That brings me to the letting go part. I had this dream that a Lion was trying to approach me to eat me.Picture 2No matter where I went, it would find a way in. The dream woke me up, and then I was so much in an alerted state by trying to escape the lion that I couldn’t go back to sleep. In wondering how I would calm down so I could sleep, I though that I needed to get out of the fight state. So I tried to control the dream so that the lion would go away. That didn’t work. Then I realized that I was fighting my dream where it maybe was not necessary to fight. So I decided to let the lion eat me. It started at my legs and worked its way up and I don’t know what happened next because I fell into a very deep sleep. Well I do know what happened. The lion got what he wanted, and I got what I wanted.


Phrasing as Support for Movement

Within each Pilates exercise we can play with Phrasing which allows us to be responsive to clients day to day. In this sense, we have the macro phrasing of the session as well as the micro phrasing of each exercise. With Foot/Leg work we can change our tempo to put the accent at the beginning (Impulsive Phrasing), middle (Swing Phrasing), end (Impactive Phrasing) or have no accent at all (Even Phrasing). Generally speaking, with Pilates we encourage an even quality to movement to facilitate constant sensing as the intent. Especially in the beginning, this is an important quality for experiencing the support for and awareness of movement. Once a client is more familiar and confident with an exercise, we can introduce different phrasing to round out a richer exploration. We can observe whether a client is able to shift their phrasing or whether they are so patterned into moving with a specific style of initiation/action/recuperation that they are unable to make another choice. This is common with some beginners who require encouragement to spend time in preparation, as they tend to skip over this crucial time of having an intention and just want to ‘do’ the exercise.Swing or Even Phrasing may be best to focus on. In this way, preparation is included to maximize initiation and sequencing.

Phrasing in body movement is linked to breathing patterns. Noticing whether a client takes a quick and impulsive inhalation and never pauses at the end of an exhalation will give you information about their tension holding patterns as well as how their movement is sequencing. Bringing awareness to the inherent accents within the breathing cycle creates an opportunity for change in the dynamic rhythm of movement. Our breathing supports our intention as well as the exertion/recuperation cycle. If we are doing mid back series we may call upon an Even Phrasing of breath and movement, whereas if we are using the jump board we may want to access either Impactive or Impulsive breath and movement phrasing. What provides overall ease and efficiency for that client?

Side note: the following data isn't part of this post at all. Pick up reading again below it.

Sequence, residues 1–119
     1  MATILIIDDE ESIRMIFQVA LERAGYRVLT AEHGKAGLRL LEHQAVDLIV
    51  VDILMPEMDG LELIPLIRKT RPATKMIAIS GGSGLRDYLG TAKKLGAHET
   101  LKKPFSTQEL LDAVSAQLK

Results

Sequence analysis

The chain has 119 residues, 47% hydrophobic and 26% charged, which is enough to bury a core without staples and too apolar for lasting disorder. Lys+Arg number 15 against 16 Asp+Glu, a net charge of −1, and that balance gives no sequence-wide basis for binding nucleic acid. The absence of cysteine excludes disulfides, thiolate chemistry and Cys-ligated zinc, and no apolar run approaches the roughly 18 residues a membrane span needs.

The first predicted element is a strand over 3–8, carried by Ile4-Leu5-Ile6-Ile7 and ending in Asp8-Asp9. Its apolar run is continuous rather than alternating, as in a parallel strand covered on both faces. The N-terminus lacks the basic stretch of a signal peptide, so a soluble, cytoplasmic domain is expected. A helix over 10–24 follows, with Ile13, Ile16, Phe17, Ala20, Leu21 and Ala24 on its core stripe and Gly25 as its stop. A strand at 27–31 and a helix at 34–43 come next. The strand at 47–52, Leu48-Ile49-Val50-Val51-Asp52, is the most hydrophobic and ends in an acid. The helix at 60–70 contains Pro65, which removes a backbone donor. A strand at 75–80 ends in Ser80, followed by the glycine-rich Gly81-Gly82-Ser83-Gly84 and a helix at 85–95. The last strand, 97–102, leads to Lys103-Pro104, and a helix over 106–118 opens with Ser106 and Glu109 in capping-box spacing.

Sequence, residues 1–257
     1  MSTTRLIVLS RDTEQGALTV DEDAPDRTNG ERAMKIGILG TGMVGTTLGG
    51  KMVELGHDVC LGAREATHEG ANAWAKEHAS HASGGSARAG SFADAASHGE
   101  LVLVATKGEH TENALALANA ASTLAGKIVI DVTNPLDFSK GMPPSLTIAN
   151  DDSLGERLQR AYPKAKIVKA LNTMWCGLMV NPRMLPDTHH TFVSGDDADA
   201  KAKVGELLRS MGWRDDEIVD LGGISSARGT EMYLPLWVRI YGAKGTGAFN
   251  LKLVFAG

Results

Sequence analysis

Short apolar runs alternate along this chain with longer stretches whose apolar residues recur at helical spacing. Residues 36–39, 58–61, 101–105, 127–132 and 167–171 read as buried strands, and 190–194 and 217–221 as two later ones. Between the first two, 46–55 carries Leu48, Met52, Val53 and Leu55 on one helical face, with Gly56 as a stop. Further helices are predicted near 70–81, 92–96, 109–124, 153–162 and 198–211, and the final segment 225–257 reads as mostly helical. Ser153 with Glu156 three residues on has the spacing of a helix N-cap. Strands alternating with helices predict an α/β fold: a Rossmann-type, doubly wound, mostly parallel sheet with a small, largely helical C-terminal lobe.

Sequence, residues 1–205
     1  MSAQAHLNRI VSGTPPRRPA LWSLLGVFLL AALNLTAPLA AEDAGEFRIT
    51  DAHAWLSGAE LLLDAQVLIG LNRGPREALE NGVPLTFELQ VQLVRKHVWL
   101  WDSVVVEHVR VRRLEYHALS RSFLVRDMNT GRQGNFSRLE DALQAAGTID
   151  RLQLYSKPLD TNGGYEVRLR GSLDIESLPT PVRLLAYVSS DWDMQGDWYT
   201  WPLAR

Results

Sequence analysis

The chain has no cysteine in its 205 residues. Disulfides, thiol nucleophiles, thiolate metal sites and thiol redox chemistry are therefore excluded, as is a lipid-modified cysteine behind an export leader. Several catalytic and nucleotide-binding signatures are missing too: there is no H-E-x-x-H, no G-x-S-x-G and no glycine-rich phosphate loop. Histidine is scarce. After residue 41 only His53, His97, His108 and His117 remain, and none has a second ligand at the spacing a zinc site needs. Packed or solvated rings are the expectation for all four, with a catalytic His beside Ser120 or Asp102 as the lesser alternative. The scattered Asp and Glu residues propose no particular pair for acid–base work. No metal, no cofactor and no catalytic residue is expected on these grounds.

Phrasing is one of many rich components of the LMA framework and I particularly enjoy how we can become aware of our preferences and begin to explore other options. I have written about a session’s phrasing as well as how it can be applied to each exercise, but the concept can obviously expand far beyond this. We have phrasing throughout our days, months and years as well as within each minute and second. Our breathing is always a good indication of how we embody phrasing from moment to moment. Becoming aware of breath is an excellent inroad for working towards balance as well as range.

Aahh – Assessments

JANUARY 19, 2009

AssessmentsAssessment…the dreaded word! This is not like in school; this is practical, hands on and entirely helpful (if done correctly and with a keen eye and hands). We learned about the client assessment last Friday in class and this week we are attempting it on a guinea pig of our choosing. People’s bodies are all so unique and biomechanically different though similar at the same time-I find it fascinating. The dynamic nature of this type of work and environment is so engaging and fulfilling! I have so much to learn and practice. Luck is on my side though, I bribed my sister to allow me to assess her! More about that later!

Teacher Training – First Impressions

TT Blog- January 14, 2009

At the moment I am playing a bit of catch up and attempting to digest and process a lesson about developmental movement which I missed. Initially, I didn’t really connect with the concept-I didn’t get it, nor did I understand why it was considered important.I’m not going to lie and say that I completely understand all that there is to understand about developmental movement yet, but the notion of the brain and body’s concurrent development and the effect that the central nervous system has on the body is slowly starting to “click”. I can now see how developmental movement and pilates go hand in hand; in pilates you attempt to stabilize proximally and engage the core before working distally-developmental movement re-establishes that the body was formed from the center out, as were the nerves, and to have control and optimal function in distal points, you must first engage and control the proximal areas.